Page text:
What Made Silent Hill 2 Great and Why the Devs Don't Get It

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What Made Silent Hill 2 Great and Why the Devs Don't Get It

Silent Hill 2 was an exceptional game, but each incarnation since has left us wanting. Why don't the developers understand what made the game a hit?

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I'ma come out and say it. I don't want another Silent Hill 2. There's already a Silent Hill 2.

Also, I don't believe that you could conceivably do the 'the town is shaped by your psyche' story more than once in the series.

I'm gonna disagree all over the place here.

For the most part, Silent Hill 3 fits the mold you're asking for here, except they went on about the cult in it (and I guess it was technically a bit harder). It was still about Heather's inner demons (quite literally, as it turns out), it was atmospheric, it had monsterless sections, it didn't go for "fun" combat (although there was admittedly more of it, most of which could and should be avoided by mashing the Run key), and it didn't have quicktime events.

And indeed, I love it. It's the best Silent Hill. It's even significantly better than Silent Hill 2 (which is firmly in last place of the four Silent Hills I've played). Why do I feel this way, and why am I so alone?

If I had time to filter through the whole hour of it, I'd find a great Retsutalk podcast where Voidburger, a big Silent Hill fan, goes on a rant about the two different fandoms that Silent Hill is stuck trying to appease. She remembers when people didn't like Silent Hill 2 when it came out, complaining that the controls hadn't been improved, the story had abandoned the first game ("What about Harry and the baby!?"), the atmosphere wasn't as oppressive, there wasn't enough engaging combat, etc, etc. The problem is, the game DID attract a fanbase. So when Silent Hill 3 came along, fixing every last one of of these complaints with more frequent combat, more actually horrific imagery, a return to the original plotline, etc, the second group complained about that as well, wanting a return to the "some unrelated schmuck" storyline, less combat, less oppressive horror ("It's positively a cartoon!"), so Silent Hill 4 came out trying to address those complaints, and it's been a downhill spiral since then.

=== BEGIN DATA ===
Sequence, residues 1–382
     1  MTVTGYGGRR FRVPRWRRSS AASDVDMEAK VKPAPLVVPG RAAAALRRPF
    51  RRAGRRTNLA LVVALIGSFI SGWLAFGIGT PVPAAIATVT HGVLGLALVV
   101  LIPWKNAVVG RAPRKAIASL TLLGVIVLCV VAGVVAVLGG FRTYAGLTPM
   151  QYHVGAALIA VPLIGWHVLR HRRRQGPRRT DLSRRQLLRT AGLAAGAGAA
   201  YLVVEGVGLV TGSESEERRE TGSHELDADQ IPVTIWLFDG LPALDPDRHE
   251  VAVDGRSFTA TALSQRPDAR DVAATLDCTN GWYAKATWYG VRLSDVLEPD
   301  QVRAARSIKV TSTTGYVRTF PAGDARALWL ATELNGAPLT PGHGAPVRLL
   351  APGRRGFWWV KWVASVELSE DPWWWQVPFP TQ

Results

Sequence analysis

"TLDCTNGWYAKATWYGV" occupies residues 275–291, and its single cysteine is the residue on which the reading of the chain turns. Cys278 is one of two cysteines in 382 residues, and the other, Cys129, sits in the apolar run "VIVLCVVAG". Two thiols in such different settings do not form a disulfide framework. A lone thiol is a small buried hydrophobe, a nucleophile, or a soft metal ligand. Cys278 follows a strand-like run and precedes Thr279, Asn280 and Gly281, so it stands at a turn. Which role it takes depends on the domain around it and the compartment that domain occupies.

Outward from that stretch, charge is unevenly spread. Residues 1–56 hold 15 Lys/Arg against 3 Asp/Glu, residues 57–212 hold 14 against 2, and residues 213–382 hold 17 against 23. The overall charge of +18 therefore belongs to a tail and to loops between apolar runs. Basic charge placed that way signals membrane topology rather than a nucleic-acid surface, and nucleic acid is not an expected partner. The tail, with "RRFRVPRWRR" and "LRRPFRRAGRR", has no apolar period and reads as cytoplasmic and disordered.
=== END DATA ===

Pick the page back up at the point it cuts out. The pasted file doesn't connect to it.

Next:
So we have two fandoms of the same franchise warring. No wonder they're "always screwing it up".

To be fair, I don't know why I'm so alone on the "Team Silent Hill 3" team, but I might just be on the wrong forum.

For instance, I don't want a return to the Silent Hill 2 formula. Silent Hill 2 was easy to detach from, didn't have any non-personal stakes, and I didn't relate to the main character at all. The secondary characters were interesting and I enjoyed them, but I didn't play as one of them. The "amazing atmosphere" did little other than annoy me, because it obscured my vision and didn't really do anything else. The story was pretty good, I guess, but again, I didn't relate to any of the characters except maybe the little kid. That's not a good thing. How can I care about someone's personal demons when they're completely removed from me? Maybe when I actually have a meaningful relationship I'll "get" it more, but as is, I was completely underwhelmed when I played it.